Slow Return to Normal Lufthansa Strike Over but Many Flights Still Cancelled

Lufthansa pilots called off their strike after just 24 hours following a court hearing on Monday, but passengers still face delays and cancellations. It will take until Friday for flights to return to normal, the airline said. Meanwhile, air traffic strikes are looming in France, Greece and Britain.

A Lufthansa jet parked at Frankfurt airport.

A Lufthansa jet parked at Frankfurt airport.

German national airline Lufthansa said it won't be able to return to its normal flight schedule until Friday even though pilots agreed to suspend their strikeat a court hearing on Monday evening.

Around half of all flights are likely to be cancelled on Tuesday, the same number as on Monday. The airline said the resumption of normal services would be slow because many planes and crews aren't where they are supposed to be. Many jets are parked at the major hubs of Frankfurt and Munich.

"Of course it takes some time until the planes are back at all 200 locations that the Lufthansa network comprises around the world, and the crews need to be positioned again, too," Lufthansa spokesman Klaus Walther told Reuters TV on Tuesday.

Resolving Their Differences

Pilots' union Vereinigung Cockpit (VC) had called for a four-day strike last week over demands for job guarantees. They fear that Lufthansa plans to cut staff costs by shifting jobs to foreign subsidiaries such as Brussels Airlines, Austrian Airlines or Lufthansa Italia, where salaries are lower. The strike also targeted Lufthansa's cargo operations and its low-cost unit Germanwings.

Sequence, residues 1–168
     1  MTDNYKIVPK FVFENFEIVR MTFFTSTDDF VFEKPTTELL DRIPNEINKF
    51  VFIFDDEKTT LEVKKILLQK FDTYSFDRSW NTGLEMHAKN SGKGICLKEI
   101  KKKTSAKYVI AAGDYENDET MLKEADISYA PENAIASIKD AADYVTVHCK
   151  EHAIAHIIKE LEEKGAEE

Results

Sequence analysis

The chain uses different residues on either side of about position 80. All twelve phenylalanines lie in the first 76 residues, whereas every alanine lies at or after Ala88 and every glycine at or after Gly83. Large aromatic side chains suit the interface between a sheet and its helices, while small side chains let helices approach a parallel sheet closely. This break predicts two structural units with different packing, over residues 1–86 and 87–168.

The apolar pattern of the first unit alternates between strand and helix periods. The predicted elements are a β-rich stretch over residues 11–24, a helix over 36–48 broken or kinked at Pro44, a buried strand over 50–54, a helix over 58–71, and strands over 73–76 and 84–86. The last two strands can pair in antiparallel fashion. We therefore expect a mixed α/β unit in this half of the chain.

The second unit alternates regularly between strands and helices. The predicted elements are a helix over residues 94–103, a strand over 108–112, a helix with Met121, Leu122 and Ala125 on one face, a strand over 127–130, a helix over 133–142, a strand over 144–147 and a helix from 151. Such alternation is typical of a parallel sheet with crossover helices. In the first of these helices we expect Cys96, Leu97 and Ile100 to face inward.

At a court hearing in Frankurt on Monday evening, Lufthansa and the union agreed to try again to resolve their differences. The union halted the strike after 24 hours and has suspended it for two weeks until March 8.

Lufthansa said it was able to operate 960 flights on Monday, some 45 percent of the flights that had been scheduled before the strike began at midnight (11 p.m. GMT) on Sunday.

Passengers can find information about flight schedules here. In addition, Lufthansa has set up a free passenger hotline at 0800-850-6070.

More Strikes Looming

But Lufthansa's labor problems aren't over. The cabin crew union UFO on Monday threatened to stage a warning strike over pay. Lufthansa has agreed to talks, which will begin soon.

Airlines in other countries also face trouble. In France, some air traffic controllers are on strike until Saturday in protest over plans to merge the national air traffic control authoritiy DGAC with those of Germany, Switzerland and the Benelux countries. A quarter or even half of all flights at the two Paris airports, Charles de Gaulle and Orly, are expected to be cancelled on Tuesday alone.

Air travel in Greece will come to a standstill for 24 hours from midnight on Tuesday due to a strike by air traffic controllers, part of wider strike action in protest against government savings imposed by the European Union to tackle Greece's debt crisis.

And cabin crew at British Airways voted in favor of strike on Monday but haven't said yet when they plan to start.

cro -- with wire reports

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